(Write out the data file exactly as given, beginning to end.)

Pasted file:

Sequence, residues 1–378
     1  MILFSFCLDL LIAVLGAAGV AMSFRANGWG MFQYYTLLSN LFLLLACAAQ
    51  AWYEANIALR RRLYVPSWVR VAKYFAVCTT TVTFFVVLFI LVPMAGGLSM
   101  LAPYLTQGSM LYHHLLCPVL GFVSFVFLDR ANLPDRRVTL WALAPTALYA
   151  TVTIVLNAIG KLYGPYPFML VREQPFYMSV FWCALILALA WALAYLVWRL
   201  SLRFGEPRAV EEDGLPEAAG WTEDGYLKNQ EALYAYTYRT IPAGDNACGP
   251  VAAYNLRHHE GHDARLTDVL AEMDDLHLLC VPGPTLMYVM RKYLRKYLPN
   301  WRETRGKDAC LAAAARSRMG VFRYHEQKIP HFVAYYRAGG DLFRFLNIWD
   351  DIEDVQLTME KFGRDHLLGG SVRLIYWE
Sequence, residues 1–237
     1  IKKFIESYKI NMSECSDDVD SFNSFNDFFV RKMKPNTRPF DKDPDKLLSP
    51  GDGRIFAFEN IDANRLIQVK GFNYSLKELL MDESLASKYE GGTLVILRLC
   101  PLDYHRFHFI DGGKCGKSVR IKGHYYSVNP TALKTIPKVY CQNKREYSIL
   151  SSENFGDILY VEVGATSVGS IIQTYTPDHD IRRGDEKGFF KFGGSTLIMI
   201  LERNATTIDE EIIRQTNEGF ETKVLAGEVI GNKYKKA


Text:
Sequence, residues 1–378
     1  MILFSFCLDL LIAVLGAAGV AMSFRANGWG MFQYYTLLSN LFLLLACAAQ
    51  AWYEANIALR RRLYVPSWVR VAKYFAVCTT TVTFFVVLFI LVPMAGGLSM
   101  LAPYLTQGSM LYHHLLCPVL GFVSFVFLDR ANLPDRRVTL WALAPTALYA
   151  TVTIVLNAIG KLYGPYPFML VREQPFYMSV FWCALILALA WALAYLVWRL
   201  SLRFGEPRAV EEDGLPEAAG WTEDGYLKNQ EALYAYTYRT IPAGDNACGP
   251  VAAYNLRHHE GHDARLTDVL AEMDDLHLLC VPGPTLMYVM RKYLRKYLPN
   301  WRETRGKDAC LAAAARSRMG VFRYHEQKIP HFVAYYRAGG DLFRFLNIWD
   351  DIEDVQLTME KFGRDHLLGG SVRLIYWE
Sequence, residues 1–237
     1  IKKFIESYKI NMSECSDDVD SFNSFNDFFV RKMKPNTRPF DKDPDKLLSP
    51  GDGRIFAFEN IDANRLIQVK GFNYSLKELL MDESLASKYE GGTLVILRLC
   101  PLDYHRFHFI DGGKCGKSVR IKGHYYSVNP TALKTIPKVY CQNKREYSIL
   151  SSENFGDILY VEVGATSVGS IIQTYTPDHD IRRGDEKGFF KFGGSTLIMI
   201  LERNATTIDE EIIRQTNEGF ETKVLAGEVI GNKYKKA